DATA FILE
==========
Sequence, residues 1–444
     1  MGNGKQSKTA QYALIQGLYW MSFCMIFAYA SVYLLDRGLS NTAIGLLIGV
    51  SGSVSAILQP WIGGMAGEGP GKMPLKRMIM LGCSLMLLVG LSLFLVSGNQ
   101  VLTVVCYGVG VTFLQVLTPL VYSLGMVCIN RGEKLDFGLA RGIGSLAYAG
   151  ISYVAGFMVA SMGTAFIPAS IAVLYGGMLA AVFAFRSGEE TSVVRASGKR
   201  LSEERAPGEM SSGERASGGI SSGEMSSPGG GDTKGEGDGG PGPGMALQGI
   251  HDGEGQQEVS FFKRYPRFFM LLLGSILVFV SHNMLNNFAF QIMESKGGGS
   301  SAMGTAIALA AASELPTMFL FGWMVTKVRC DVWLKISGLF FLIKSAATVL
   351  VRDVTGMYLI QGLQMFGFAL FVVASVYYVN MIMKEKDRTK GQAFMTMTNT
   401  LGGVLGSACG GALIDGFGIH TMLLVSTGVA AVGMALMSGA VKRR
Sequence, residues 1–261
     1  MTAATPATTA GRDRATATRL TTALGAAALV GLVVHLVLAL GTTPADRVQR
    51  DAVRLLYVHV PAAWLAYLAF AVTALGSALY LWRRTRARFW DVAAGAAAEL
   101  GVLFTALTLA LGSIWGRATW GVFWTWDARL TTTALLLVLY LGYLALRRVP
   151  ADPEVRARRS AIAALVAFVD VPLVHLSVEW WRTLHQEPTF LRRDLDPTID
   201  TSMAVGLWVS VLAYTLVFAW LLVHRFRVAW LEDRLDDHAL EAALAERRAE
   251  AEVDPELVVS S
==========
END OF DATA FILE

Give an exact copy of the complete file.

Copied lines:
Sequence, residues 1–444
     1  MGNGKQSKTA QYALIQGLYW MSFCMIFAYA SVYLLDRGLS NTAIGLLIGV
    51  SGSVSAILQP WIGGMAGEGP GKMPLKRMIM LGCSLMLLVG LSLFLVSGNQ
   101  VLTVVCYGVG VTFLQVLTPL VYSLGMVCIN RGEKLDFGLA RGIGSLAYAG
   151  ISYVAGFMVA SMGTAFIPAS IAVLYGGMLA AVFAFRSGEE TSVVRASGKR
   201  LSEERAPGEM SSGERASGGI SSGEMSSPGG GDTKGEGDGG PGPGMALQGI
   251  HDGEGQQEVS FFKRYPRFFM LLLGSILVFV SHNMLNNFAF QIMESKGGGS
   301  SAMGTAIALA AASELPTMFL FGWMVTKVRC DVWLKISGLF FLIKSAATVL
   351  VRDVTGMYLI QGLQMFGFAL FVVASVYYVN MIMKEKDRTK GQAFMTMTNT
   401  LGGVLGSACG GALIDGFGIH TMLLVSTGVA AVGMALMSGA VKRR
Sequence, residues 1–261
     1  MTAATPATTA GRDRATATRL TTALGAAALV GLVVHLVLAL GTTPADRVQR
    51  DAVRLLYVHV PAAWLAYLAF AVTALGSALY LWRRTRARFW DVAAGAAAEL
   101  GVLFTALTLA LGSIWGRATW GVFWTWDARL TTTALLLVLY LGYLALRRVP
   151  ADPEVRARRS AIAALVAFVD VPLVHLSVEW WRTLHQEPTF LRRDLDPTID
   201  TSMAVGLWVS VLAYTLVFAW LLVHRFRVAW LEDRLDDHAL EAALAERRAE
   251  AEVDPELVVS S